Twitter’s staff members at the Asia headquarters in Singapore have been told to clear their desks and work from home indefinitely. They received an email on Wednesday that instructed them to depart the premises by five pm the same day.
- Twitter employees at the Singapore headquarters are now required to work from home until further notice
- Singapore-based Twitter employees have been newly designated as remote workers in Twitter’s internal system
- A spokesperson for the CapitaLand, the company that owns Twitter’s Singapore offices revealed that the social media company is still a tenant at CapitaGreen
Twitter representatives refused to comment on the matter. Similar to the fiasco that befell the company’s Asia headquarters, employees at the HQ in San Francisco were also informed that their office has shut down.
The senior members, who bore the news, refrained from providing any reason for the act but the office reopened a week later. In addition, they were told to be silent about the internal affairs of the company.
Musk’s takeover continued to invite chaos and dozens of staff members threw in their resignations. Within a month of his acquisition, Twitter’s around 50 percent of Twitter’s workforce was sacked.
An unknown source on Twitter predicted that the company would have “less than 2,000 people left.” In October 2022, the social media giant had 7,500 staff members across all offices.
Twitter gets sued due to non-payment of rent
Casey Newton of Platformer tweeted on Thursday that “Twitter employees were just walked out of its Singapore office – its Asia-Pacific headquarters – over nonpayment of rent”.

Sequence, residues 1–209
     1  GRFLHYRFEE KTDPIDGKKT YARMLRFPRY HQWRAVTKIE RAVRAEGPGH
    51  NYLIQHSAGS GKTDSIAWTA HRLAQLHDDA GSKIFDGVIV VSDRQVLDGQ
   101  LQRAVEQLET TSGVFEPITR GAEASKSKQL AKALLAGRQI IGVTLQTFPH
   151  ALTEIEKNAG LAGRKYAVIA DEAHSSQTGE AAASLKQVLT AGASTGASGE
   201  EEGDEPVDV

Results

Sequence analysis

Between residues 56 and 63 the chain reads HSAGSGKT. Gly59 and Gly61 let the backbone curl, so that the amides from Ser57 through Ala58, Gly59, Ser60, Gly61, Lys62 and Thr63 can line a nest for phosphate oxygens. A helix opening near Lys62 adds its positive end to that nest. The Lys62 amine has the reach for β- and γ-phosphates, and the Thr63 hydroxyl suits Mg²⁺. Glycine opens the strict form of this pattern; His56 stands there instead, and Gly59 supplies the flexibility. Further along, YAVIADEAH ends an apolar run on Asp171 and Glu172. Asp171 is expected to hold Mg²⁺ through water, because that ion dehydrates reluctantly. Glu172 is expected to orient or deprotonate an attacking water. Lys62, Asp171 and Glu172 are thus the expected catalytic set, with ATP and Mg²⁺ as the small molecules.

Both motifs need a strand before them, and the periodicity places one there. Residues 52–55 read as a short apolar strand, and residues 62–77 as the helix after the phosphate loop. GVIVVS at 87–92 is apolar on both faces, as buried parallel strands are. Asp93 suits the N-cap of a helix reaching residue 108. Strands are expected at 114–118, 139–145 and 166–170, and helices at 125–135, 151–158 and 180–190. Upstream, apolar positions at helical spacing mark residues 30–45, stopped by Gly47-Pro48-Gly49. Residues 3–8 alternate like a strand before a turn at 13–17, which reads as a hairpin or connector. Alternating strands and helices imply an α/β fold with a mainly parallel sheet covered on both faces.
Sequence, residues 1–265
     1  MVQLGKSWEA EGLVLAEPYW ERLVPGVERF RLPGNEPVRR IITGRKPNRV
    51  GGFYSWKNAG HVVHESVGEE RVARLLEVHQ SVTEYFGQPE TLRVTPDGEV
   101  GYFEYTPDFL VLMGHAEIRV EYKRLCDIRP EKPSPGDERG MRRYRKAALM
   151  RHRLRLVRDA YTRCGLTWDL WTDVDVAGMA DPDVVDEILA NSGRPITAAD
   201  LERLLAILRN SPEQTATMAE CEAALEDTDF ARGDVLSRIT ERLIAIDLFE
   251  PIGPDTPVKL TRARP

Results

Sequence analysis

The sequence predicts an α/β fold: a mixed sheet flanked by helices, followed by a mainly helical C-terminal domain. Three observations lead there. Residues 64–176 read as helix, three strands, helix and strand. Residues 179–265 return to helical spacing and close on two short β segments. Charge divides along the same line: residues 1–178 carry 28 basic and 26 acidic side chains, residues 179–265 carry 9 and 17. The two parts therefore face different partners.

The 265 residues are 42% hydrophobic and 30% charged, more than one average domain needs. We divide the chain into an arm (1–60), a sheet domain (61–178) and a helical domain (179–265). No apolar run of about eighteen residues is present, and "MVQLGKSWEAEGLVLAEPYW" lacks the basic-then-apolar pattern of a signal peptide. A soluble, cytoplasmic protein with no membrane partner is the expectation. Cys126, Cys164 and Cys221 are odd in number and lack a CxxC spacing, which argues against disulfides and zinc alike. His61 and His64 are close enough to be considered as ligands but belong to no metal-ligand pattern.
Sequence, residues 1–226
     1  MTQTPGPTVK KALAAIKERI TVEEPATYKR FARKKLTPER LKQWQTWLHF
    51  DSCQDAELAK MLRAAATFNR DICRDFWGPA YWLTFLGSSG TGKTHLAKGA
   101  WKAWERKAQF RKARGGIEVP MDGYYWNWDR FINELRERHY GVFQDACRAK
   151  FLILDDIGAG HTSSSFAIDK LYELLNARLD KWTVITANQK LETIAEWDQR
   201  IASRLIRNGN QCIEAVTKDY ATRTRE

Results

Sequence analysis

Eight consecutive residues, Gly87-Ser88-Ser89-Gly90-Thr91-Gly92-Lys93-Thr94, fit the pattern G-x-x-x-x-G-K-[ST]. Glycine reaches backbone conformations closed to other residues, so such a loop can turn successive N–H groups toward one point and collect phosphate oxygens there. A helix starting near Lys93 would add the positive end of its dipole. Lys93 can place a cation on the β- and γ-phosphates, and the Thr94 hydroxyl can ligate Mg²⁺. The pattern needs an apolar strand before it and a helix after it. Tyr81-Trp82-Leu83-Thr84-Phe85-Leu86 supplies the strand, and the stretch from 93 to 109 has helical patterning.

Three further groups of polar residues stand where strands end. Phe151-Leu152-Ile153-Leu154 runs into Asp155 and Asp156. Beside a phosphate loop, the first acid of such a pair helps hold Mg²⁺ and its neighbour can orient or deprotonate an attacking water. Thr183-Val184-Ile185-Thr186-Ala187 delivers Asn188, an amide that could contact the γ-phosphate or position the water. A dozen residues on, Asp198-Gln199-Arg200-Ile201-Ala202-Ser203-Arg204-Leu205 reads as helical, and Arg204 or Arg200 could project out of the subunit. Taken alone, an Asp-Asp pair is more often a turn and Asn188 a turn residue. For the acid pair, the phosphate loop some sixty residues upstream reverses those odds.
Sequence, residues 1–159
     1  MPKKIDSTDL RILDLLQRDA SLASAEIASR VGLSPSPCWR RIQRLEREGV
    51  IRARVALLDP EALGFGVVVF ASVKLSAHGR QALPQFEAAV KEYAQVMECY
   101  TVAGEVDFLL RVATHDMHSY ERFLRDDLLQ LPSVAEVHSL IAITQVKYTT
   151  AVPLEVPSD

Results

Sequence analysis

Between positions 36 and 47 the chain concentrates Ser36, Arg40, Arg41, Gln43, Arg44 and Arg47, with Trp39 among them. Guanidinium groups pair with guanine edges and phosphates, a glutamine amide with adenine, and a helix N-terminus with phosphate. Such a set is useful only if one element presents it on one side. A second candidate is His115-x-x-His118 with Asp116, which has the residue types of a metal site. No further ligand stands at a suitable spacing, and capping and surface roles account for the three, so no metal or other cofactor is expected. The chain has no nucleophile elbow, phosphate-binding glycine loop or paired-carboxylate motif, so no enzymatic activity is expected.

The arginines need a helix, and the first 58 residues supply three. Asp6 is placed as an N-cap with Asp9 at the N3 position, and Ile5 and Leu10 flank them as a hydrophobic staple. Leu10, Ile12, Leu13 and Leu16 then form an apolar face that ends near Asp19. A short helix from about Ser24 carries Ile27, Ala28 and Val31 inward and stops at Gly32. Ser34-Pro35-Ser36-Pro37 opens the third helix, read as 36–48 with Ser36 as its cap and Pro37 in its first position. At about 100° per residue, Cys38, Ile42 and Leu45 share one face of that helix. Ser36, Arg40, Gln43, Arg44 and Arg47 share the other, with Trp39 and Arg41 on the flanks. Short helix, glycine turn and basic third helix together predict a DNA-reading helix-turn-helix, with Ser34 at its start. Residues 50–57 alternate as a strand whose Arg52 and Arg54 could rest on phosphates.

“Landlords walked employees out of the building,” he added. Twitter was due $136,250 in rent for its office space in San Francisco. The landlord, Columbia Reit filed a complaint that said Twitter hasn’t paid rent for 650 California Street on the edge of Chinatown.
The complaint was lodged on December 29, 2022, in state court in San Francisco. Besides that, the company has not paid the rent for the headquarters, situated at 1355 Market Street.
To remedy the situation, Musk turned the rooms at the Twitter headquarters into small bedrooms containing mattresses, curtains, and computer systems. The beds have been provided for staff workers to be able to spend the night at the office.
Every floor reportedly has four to eight rooms designed for hardworking staffers who could work extra hours. Twitter was again sued in December for refusing to cover bills for charter flights. According to Private Jet Services, Twitter owes $197,725 for flight services.
What about Musk’s no work-from-home policy?
Singapore took a big hit during the mass layoffs ordained by the company in November last year and half of the company’s 7,500 staff was offloaded. During that time, Musk removed a work-from-policy and increased work hours ordering employees to return to the offices at the earliest.
The rule was scrapped two years after Twitter officially launched its permanent WFH policy. Under Musk’s authority, staff workers were required to be in the office 40 hours a week. There were exceptions only for employees physically incapable of making it to work.
However, leaves were only granted if Musk personally approved them. He then clarified his stance on remote working policies in response to an unverified Twitter account making unproven claims about him calling his Dublin employees back to the office.
He said, “This is false. Anyone who can be in office should be. However, if not logistically possible or they have essential personal matters, then staying home is fine.” He revealed that his Twitter employees are to follow the same policy as Tesla and SpaceX.
Meanwhile, Twitter has been introducing and rolling back multiple new features within short bursts of time. Paid subscription service Twitter Blue, which charges $8 for blue ticks, is one such feature that highlighted the platform’s shaky security system.
It is predicted that Musk’s presence could push the company further down the ladder.